This isn’t a story about a happy ending, but one of learning how to deal with the curves that life throws at you. Regardless of your situation, it is your mindset that defines everything. If you choose to dwell on the negative aspects of your life, you will always be an unhappy person. I didn’t want to be unhappy anymore. I woke up one morning, read the first chapter of Rich Dad Poor Dad by Robert Kiyosaki, and decided to write a poem. I hadn’t written in a while. I’d forgotten how much solace and comfort it brought me. I began to write more poems, short stories, and just random thoughts that floated in my head. I decided to be positive and to keep trying. No great author, artist, or important figure had ever gotten to the place they were by giving up and feeling sorry for themselves. They’d persevered, worked hard on their passions, and eventually found their calling. I decided I would do the same. I decided to focus on the things that I had accomplished in my life so far. I’d studied abroad in London for a semester, traveled Europe, graduated college, and done three internships that I’d thoroughly enjoyed. I decided to continue applying for jobs, but also take some time for myself to do the things I love, like writing and reading. Life isn’t about the destination, but the journey and I have my entire life to figure out what to do. I’m just taking it day by day, step by step, and hoping for the best. Here are a few tips with dealing with career rejections or any form of the blues that starts to take over your life.

  • Wake up early, drink coffee, and set goals for the day. Even if it’s something as small as applying to just one job for the day. One small act can always make a huge difference.
  • Working out or yoga. You don’t have to go to a gym. Simply stretching and getting the blood flowing in your own home will help you feel better, as well as more relaxed.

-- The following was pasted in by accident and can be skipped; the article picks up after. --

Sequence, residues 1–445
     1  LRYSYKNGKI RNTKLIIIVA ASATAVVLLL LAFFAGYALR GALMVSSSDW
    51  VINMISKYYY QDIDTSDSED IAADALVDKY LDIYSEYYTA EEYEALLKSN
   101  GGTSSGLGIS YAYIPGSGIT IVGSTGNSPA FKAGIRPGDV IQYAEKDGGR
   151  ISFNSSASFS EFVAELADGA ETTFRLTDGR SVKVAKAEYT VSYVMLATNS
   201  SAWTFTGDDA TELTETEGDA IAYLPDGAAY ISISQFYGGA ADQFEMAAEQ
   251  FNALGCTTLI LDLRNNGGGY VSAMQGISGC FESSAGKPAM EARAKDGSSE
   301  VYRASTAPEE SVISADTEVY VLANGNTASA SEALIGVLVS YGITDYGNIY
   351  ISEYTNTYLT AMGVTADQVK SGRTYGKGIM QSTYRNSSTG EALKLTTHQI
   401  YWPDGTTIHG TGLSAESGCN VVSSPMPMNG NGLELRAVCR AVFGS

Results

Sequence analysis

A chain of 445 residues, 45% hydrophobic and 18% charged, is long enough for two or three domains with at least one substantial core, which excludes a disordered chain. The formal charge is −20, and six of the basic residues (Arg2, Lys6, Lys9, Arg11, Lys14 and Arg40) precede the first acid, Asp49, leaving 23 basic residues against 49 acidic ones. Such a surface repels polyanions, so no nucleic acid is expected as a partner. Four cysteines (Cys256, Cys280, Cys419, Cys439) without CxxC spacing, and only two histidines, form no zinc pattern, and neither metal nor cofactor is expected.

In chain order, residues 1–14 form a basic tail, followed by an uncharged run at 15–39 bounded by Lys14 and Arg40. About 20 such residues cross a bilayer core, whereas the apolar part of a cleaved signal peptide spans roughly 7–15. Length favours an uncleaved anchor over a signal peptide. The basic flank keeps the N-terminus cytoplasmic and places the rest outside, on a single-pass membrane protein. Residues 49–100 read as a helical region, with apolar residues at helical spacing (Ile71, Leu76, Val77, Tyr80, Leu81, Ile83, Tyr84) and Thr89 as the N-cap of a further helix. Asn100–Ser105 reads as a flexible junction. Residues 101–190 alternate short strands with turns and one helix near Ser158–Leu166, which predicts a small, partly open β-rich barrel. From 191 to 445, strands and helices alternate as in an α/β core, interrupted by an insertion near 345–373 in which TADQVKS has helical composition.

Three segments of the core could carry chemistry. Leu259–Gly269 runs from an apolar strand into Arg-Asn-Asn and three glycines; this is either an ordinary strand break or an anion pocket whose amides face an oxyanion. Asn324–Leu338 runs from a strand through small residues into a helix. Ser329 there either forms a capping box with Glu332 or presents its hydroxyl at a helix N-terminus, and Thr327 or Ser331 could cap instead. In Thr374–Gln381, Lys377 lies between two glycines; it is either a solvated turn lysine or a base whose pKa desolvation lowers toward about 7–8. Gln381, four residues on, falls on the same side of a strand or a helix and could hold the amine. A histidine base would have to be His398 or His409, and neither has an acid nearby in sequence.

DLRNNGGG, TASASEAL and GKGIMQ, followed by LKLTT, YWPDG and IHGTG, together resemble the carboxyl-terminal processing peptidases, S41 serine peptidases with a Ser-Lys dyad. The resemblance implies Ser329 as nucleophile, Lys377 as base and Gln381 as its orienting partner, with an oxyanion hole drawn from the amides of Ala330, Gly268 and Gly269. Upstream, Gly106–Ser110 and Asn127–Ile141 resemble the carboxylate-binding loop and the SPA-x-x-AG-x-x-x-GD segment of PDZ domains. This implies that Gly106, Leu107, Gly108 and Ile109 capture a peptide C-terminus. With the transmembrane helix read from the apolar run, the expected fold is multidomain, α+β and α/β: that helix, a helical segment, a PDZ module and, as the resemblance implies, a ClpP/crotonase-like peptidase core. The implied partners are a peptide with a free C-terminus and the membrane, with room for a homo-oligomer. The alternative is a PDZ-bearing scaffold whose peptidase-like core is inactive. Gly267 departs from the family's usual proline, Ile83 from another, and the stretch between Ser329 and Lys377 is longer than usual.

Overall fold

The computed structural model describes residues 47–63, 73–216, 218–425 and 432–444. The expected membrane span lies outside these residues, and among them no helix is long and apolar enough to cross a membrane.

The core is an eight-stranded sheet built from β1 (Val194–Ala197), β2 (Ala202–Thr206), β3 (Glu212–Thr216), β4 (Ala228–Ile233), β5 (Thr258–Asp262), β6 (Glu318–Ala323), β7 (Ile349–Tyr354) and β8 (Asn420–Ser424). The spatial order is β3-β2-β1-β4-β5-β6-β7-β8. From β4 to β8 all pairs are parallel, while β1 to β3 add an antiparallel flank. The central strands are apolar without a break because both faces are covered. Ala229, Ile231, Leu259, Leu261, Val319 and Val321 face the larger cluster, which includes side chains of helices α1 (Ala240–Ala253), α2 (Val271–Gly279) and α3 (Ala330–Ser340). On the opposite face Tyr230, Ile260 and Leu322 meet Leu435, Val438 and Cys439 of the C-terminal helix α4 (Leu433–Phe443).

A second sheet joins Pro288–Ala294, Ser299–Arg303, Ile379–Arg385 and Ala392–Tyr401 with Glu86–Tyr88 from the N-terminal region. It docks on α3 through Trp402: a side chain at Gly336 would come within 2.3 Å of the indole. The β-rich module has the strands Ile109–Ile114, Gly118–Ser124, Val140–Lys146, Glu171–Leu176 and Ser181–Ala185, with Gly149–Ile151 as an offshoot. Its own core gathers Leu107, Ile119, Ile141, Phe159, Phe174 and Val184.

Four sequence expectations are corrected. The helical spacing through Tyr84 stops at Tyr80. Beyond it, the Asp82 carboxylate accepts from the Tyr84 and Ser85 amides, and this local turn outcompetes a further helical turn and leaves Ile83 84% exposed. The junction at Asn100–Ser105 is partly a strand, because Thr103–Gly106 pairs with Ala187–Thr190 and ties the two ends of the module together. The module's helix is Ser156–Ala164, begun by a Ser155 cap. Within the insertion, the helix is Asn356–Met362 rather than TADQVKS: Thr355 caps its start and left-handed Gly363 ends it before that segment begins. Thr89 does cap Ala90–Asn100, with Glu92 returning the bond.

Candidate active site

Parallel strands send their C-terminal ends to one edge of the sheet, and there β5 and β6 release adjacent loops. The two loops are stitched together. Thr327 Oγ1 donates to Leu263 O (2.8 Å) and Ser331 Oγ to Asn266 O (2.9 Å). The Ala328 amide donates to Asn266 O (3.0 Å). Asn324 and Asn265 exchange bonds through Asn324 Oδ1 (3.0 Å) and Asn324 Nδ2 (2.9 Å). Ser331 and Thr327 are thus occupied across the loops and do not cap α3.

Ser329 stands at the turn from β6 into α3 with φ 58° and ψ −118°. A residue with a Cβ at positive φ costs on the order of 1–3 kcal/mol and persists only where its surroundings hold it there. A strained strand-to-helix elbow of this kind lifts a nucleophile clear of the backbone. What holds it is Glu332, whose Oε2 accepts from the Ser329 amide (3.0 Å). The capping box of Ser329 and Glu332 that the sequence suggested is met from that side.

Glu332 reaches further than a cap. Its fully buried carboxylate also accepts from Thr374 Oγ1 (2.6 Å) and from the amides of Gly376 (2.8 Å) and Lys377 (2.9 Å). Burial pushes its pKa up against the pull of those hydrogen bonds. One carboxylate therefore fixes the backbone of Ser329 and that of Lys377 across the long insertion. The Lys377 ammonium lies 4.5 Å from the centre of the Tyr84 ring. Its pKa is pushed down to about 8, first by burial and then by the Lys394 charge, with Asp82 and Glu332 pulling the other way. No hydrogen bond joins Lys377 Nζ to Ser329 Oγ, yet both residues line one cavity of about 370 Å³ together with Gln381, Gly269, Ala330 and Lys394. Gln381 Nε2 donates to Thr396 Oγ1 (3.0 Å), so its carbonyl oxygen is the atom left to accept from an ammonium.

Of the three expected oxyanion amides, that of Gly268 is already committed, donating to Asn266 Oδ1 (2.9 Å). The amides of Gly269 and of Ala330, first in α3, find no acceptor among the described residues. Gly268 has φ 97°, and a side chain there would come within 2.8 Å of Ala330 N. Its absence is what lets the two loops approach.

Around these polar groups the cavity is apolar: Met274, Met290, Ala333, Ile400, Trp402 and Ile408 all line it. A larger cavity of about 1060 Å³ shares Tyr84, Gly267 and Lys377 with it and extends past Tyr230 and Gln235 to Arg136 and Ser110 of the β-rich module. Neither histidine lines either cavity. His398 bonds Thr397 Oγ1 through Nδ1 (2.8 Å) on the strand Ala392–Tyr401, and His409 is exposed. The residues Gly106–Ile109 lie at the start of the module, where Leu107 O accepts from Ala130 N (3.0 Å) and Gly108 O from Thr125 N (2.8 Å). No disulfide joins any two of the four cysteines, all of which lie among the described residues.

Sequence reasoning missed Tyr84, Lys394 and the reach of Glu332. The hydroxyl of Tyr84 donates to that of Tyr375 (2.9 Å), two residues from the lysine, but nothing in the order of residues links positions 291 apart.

• Focus on your passions and hobbies. If you love writing, write. If you love singing, sing. If you love painting, paint. You get the idea. Do whatever brings you comfort and helps you express your creativity. Not only is it essential in your happiness, but it can also help you figure out what it is you really want to do with your life.
  • This one is extremely important. Don’t stress! Anxiety and stress are tiny monsters that eat away at your soul. Don’t give in to them. Have a positive attitude, positive mindset, and you will see that your days won’t be as blue.
  • Take a day off and spend it with a close friend. Sometimes all you need is a little girl time, laughter, and conversation to make you feel better. Everybody needs that person that takes their mind off hardships.
  • Finally, breathe. Sometimes all that is needed to turn your day around is a good album and sunlight. Step outside, listen to good music, and a take a deep breath. It’s all going to be all right. You’ve got this.

Author: Kimberly O.
Email: kim.olivera.22@gmail.com
Author Bio: Just a girl trying to figure out this whole adult-ing thing. I love writing, traveling, films, my dogs, and laughing.
Link to social media or website: https://www.instagram.com/kimbuhhlyy_19/

by Kimberly Olivera

Kimberly is a published writer, poet, blogger, and journalist. She recently published her debut collection of poetry, To Let Myself Go, and co-hosts the podcast Amateur Theologian . In her spare time, she enjoys writing in coffee shops, spontaneous road trips, spending time with her three dogs, good books, and studying the bible. You can read her blog at www.kimberlyalysha.com. You can find more of her poetry at @k.olivera.poetry , her podcast on amateur_theologian, and her personal instagram at @kimberlalysha_